Australia’s heatwave reaches nearly 50 degrees

Power load sharing began with 30,000 households and businesses being switched off for up to two hours

Scorching heat knocked out power to homes and businesses, raised wildfire risks and sent tennis fans looking for water and shade Friday in Australia’s second-largest city, which recorded its hottest day in five years.

Melbourne reached 42 .8 C by early afternoon before a sudden cooldown, though the outskirts of the city remained hot, with the airport recording 46 C (114.8 F). It was the hottest day since 2014 in the Victoria state capital, which has a population of 5 million.

READ MORE: B.C.’s August heat wave – hot enough to bake cookies?

The power grid began load sharing as temperatures climbed in the early afternoon, with 30,000 households and businesses at a time being switched off for as long as two hours so that supply could keep up with demand.

But by late afternoon, the state’s power generation was able to meet demand, Victoria Energy Minister Lily D’Ambrosio said.

“The situation changed very, very quickly,” she told reporters. “People should be rightly disappointed that the power grid was not up to the task today.”

Scores of wildfires are raging in heatwave conditions across much of drought-parched southeast Australia, with authorities warning the fire risk is high.

Adelaide, 640 kilometres west of Melbourne, on Thursday recorded the hottest day for a major Australian city, a searing 46.6 C.

The previous record had been the 46.4 C set in Melbourne on Feb. 7, 2009 — a day of catastrophic wildfires that killed 173 people and razed more than 2,000 homes in Victoria that is remembered as Black Saturday.

At the Australian Open in Melbourne, tennis fans shielded themselves with umbrellas and walked by water sprinklers for relief. On Thursday, the tournament had invoked its extreme-heat policy and closed the main stadium’s roof during a women’s semifinal match.

Heat records have tumbled across Australia’s southeast in recent days. The small town of Swan Hill recorded its highest ever maximum of 47.5 C on Friday and the renowned winemaking town of Rutherglen recorded its warmest ever overnight minimum of 29.3 C.

“The heatwaves we have had since the start of summer are almost unprecedented,” meteorologist Kevin Parkin said.

“Relentless days of 40-plus degrees followed by warm nights — is it any wonder people and communities in that part of the world are doing it tough?” he added.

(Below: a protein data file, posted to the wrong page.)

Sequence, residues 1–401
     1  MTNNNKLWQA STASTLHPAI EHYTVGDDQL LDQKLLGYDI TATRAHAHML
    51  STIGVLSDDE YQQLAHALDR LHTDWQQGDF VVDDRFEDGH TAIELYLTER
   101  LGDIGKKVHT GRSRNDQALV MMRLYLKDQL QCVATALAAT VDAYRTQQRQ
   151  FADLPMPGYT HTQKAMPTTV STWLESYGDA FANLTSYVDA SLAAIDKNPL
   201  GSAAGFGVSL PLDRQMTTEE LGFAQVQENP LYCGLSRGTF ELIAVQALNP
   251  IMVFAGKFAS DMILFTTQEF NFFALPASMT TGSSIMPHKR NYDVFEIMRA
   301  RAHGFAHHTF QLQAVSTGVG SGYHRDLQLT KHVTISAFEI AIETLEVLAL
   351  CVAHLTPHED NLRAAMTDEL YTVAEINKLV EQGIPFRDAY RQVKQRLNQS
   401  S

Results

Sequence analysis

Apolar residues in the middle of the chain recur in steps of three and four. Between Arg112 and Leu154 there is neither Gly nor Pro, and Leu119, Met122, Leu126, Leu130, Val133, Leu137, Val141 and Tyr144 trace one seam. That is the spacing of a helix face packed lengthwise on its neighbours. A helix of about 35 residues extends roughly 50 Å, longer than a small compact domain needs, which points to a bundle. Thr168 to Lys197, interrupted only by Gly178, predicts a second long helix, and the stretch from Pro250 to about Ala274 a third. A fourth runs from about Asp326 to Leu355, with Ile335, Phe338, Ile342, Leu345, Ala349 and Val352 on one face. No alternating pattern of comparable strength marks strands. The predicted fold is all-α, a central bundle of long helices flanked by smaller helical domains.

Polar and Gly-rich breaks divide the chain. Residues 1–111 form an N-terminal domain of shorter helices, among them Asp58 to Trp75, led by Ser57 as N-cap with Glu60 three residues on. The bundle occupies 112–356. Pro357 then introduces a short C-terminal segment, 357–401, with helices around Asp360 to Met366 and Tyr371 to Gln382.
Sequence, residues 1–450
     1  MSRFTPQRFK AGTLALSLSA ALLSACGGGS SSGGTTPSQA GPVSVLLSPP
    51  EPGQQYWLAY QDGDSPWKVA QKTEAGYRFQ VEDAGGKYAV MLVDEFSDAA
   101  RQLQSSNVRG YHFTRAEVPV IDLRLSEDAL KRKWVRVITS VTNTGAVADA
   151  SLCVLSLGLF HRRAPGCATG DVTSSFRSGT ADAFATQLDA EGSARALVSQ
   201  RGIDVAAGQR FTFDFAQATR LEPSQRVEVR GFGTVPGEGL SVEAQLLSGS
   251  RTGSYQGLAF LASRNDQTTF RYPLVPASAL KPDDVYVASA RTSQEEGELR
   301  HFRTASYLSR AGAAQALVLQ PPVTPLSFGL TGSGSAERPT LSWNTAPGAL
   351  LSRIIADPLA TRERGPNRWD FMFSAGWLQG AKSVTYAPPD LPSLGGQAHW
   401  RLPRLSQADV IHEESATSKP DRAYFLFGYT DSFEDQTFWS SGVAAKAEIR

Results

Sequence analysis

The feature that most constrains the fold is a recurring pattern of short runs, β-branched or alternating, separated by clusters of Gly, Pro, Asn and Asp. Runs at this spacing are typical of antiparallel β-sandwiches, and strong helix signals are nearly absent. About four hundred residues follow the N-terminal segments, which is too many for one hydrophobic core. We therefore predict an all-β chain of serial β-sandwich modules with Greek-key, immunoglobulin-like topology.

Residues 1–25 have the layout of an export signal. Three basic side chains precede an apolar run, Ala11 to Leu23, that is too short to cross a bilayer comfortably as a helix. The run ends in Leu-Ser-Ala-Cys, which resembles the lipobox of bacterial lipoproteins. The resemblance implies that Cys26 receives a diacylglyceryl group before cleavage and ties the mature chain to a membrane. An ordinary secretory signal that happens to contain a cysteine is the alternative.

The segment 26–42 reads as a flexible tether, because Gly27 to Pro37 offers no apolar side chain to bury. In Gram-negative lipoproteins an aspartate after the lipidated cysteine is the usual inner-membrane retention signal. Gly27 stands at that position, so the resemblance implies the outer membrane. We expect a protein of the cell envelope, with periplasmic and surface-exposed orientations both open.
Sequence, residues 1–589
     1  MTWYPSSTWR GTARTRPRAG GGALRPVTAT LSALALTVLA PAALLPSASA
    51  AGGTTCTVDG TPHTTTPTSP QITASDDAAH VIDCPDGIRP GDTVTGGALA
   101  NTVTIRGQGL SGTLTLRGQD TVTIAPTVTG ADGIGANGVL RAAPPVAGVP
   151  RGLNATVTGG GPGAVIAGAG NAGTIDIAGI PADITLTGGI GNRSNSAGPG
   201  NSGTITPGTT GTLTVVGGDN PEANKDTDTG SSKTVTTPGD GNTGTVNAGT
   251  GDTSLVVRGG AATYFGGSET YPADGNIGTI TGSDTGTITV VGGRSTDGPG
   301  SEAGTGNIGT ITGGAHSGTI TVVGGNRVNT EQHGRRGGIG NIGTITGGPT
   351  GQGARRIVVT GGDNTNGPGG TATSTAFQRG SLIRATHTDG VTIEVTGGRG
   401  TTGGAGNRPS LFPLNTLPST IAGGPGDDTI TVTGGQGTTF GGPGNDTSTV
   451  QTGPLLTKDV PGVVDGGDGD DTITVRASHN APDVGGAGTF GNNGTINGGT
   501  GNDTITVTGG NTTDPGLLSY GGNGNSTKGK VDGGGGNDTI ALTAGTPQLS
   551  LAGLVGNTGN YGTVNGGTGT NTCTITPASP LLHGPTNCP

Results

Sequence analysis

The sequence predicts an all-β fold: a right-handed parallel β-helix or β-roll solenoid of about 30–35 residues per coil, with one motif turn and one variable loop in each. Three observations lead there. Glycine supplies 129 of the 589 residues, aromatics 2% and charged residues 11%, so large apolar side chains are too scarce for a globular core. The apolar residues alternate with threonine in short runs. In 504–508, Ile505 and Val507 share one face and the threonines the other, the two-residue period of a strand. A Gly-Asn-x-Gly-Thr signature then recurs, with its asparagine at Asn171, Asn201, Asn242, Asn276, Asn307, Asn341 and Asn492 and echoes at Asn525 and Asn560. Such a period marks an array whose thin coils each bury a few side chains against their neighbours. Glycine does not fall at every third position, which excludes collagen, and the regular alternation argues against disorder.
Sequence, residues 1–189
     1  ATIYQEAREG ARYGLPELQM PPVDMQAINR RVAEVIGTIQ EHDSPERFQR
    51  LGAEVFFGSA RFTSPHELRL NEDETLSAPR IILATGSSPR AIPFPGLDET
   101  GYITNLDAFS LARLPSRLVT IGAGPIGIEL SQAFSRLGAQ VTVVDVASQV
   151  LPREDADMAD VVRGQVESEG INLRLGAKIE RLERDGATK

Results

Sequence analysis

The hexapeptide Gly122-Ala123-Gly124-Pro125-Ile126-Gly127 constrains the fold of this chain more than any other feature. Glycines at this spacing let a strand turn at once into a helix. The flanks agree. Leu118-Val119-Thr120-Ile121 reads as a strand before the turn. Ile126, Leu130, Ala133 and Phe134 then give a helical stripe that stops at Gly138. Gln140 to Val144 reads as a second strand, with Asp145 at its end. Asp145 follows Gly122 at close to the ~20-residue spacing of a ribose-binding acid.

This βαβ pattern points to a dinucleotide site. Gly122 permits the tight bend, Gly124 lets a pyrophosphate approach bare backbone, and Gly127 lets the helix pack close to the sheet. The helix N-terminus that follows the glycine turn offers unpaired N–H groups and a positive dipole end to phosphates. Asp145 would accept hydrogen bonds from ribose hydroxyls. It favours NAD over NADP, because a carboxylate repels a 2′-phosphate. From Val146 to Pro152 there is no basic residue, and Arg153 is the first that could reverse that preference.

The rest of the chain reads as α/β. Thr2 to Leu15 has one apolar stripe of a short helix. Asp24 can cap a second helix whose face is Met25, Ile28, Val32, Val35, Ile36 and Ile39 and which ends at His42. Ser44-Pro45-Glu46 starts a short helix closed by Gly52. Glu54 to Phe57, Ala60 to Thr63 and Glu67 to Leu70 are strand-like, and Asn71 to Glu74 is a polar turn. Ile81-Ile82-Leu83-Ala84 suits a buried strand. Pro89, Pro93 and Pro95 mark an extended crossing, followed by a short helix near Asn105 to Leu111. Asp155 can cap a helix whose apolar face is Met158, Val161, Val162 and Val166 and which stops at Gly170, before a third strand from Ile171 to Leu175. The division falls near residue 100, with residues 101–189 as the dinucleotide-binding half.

Bureau of Meteorology forecasters say this January is on track to become Australia’s hottest January on record with heatwave conditions likely to persist.

Last year was Australia’s third-warmest on record.

(Canadian Press)

Like us on Facebook and follow us on Twitter.

Get local stories you won't find anywhere else right to your inbox.
Sign up here

Just Posted

Social media a blessing and a curse during time of crisis: B.C. communication expert

‘In moments of crisis, fear is very real and palpable,’ says SFU’s Peter Chow-White

B.C. COVID-19 contact restrictions working, Dr. Bonnie Henry says

’Not out of the woods yet’ as next two weeks are critical

UPDATED: Some states of local emergency suspended by ministerial order

Suspension applies to regional districts but not First Nations

A letter from Bella Coola doctors on COVID-19: ‘All our lives depend on your actions now’

“None of us are invincible; we can all get it and spread it without even knowing.”

COVID-19: Bella Coola RCMP close detachment front door access

The public is being asked to call 250 799 5363 for assistance

No plans to call in military right now to enforce COVID-19 quarantine: Trudeau

Trudeau unveils $7.5M for Kids Help Phone, $9M for vulnerable seniors amid COVID-19

QUIZ: How much do you know about the Olympics?

Put your knowledge to the test with these 12 questions

B.C. announces $3M for food banks to increase capacity during COVID-19

It is not clear how much of the money will flow towards Greater Victoria food banks

B.C. is seeing the highest rate of COVID-19 recovery in Canada, and there’s a few reasons why

British Columbia was one of the first to see rise in COVID-19 cases, and has also switched up testing

World COVID-19 update: U.S. expects 100,000 deaths; Oregon declares disaster

Comprehensive update of world news for Sunday, March 19.

Sewers stitch masks to free up supplies for front-line health-care workers

“We have little old ladies sewing up a storm,” said Joan Davis

Experts weigh in on best handling of groceries during COVID-19 pandemic

Study suggests the virus can live for up to 24 hours on cardboard and up to three days on plastic

‘There is community’: B.C. councillor welcomes new baby into world amid COVID-19 pandemic

‘I realize there’s much more than fear and worry… there is hope, there is new life’: Jason Lum

Most Read